Now that we’re past the halfway mark of fall term, many of the recent conversations I’ve had with people have focused upon some variation of the theme, “There’s just not enough time in the day!” Like many of you, I have been working on accepting that no matter how enthusiastically I may try, it’s unlikely that I’ll be able to check off every item on each day’s to-do list. Sometimes, I’m able to embrace this cold, hard fact and have some compassion for myself as I recount everything that didn’t get done that day. At other times, it’s very difficult to maintain that self-compassion.
If you too sometimes struggle with self-criticism, you are far from being alone. Many of us do it in some form or another, which can include doubting ourselves (“I’m so bad at making decisions”), blaming ourselves (“This is all my fault”), labeling ourselves (“I’m such a loser”), and writing off positives (“I did well that time, but anyone could have”). However, this mental habit is a particularly important one to break, as its detrimental impact can range from keeping us from being present to contributing to symptoms of depression and anxiety.
In his book, Beat the Blues Before They Beat You, Dr. Robert Leahy provides several suggestions for overcoming one’s inner critic:
- Recognize how your self-criticism impacts your mood and behavior by keeping track of any self-critical thoughts you have. You can jot these down in your phone or on a piece of paper or just note them by saying to each self-critical thought, “There I go again.”
- Define what you’re really saying about yourself. Instead of calling yourself a “loser” or a “failure,” ask yourself what these terms actually mean to you (e.g., “A failure is someone who never succeeds at anything”).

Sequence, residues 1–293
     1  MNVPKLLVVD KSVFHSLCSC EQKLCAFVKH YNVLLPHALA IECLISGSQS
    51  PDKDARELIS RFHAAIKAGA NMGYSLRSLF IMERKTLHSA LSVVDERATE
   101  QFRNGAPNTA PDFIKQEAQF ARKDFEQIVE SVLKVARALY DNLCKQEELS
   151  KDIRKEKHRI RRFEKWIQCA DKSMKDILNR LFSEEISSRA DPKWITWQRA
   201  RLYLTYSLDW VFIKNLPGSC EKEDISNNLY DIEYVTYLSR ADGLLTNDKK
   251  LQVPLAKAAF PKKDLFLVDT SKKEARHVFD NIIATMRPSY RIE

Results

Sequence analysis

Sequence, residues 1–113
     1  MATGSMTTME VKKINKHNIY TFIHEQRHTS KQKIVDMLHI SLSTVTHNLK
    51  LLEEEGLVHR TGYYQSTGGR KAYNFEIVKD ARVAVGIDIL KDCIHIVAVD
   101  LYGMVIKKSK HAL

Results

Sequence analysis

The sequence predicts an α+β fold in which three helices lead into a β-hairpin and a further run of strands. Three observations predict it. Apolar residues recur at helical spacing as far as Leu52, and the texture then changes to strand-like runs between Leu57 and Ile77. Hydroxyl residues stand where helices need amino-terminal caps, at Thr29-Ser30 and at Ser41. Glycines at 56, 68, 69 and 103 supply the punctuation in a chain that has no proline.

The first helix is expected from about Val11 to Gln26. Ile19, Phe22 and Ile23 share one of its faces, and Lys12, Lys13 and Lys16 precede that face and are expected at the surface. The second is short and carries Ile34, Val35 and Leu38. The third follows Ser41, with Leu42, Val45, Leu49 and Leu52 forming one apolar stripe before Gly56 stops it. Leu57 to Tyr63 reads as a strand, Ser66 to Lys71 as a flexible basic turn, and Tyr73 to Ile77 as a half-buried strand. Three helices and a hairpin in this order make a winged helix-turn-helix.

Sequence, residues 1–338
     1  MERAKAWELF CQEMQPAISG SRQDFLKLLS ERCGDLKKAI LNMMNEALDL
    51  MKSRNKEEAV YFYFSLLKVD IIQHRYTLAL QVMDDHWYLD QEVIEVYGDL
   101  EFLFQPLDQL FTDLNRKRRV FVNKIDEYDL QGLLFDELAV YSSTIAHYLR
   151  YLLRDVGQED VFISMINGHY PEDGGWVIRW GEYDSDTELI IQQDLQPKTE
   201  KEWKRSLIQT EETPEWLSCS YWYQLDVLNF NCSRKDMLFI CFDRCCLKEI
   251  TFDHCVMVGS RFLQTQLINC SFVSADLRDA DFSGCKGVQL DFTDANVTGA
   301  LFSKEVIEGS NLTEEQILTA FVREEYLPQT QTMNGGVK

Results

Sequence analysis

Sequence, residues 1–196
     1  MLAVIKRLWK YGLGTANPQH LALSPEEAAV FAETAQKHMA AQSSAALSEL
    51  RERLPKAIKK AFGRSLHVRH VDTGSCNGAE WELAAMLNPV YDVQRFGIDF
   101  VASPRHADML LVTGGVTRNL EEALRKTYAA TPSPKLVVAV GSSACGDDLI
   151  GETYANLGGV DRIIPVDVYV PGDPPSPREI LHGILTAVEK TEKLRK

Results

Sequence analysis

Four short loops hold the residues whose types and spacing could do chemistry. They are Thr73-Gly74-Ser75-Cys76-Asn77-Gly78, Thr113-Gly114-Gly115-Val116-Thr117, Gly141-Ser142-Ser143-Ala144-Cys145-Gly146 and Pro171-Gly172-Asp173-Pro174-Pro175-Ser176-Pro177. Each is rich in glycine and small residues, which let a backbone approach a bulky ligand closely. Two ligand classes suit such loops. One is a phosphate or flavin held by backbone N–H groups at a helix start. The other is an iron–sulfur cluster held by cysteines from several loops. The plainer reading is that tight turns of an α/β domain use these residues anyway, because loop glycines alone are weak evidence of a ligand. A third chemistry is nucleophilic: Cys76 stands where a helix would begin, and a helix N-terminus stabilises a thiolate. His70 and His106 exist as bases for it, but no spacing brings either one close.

- Examine the evidence that your thoughts are true (e.g., have you truly never succeeded at anything in your life, or are there success experiences you are discounting?). Look at all the facts, not just those that support the self-critical thought.
- Ask yourself what you may believe your self-criticism does for you. It may sound odd, but many people feel their self-criticism serves to motivate them – Dr. Leahy makes the excellent point that there are no self-help books titled Ten Things to Hate About Yourself to Become Successful or How Thinking I Was a Loser Helped Me Win, and for good reason!
- Set achievable goals, so that you have opportunities for success every day.
- Be honest with yourself about your mistakes, but don’t get stuck in feeling shameful and ruminating about being a failure. Instead of self-criticism, engage in self-correction by asking yourself what you can learn from or do about past mistakes right now.
- Instead of getting into a battle with your self-critical thoughts or trying to block them out, picture them as clouds floating past you acrossthe sky or bubbles rising to the surface of a pool.
- When noticing a self-critical thought, ask yourself whether you would say something like that to someone about whom you care deeply. If not, then don’t say it to yourself either!
- Make it a point to say something positive to yourself or reward yourself with an activity you enjoy (e.g., going for a walk) each time you achieve your goals for the day.
Hopefully, these suggestions are as helpful to you as they have been to me. If you try them and still find yourself struggling with self-criticism, consider asking for help from a friend or from the folks here at the Counseling Center. As always, take good care of yourselves.
Susie Musch, Ph.D.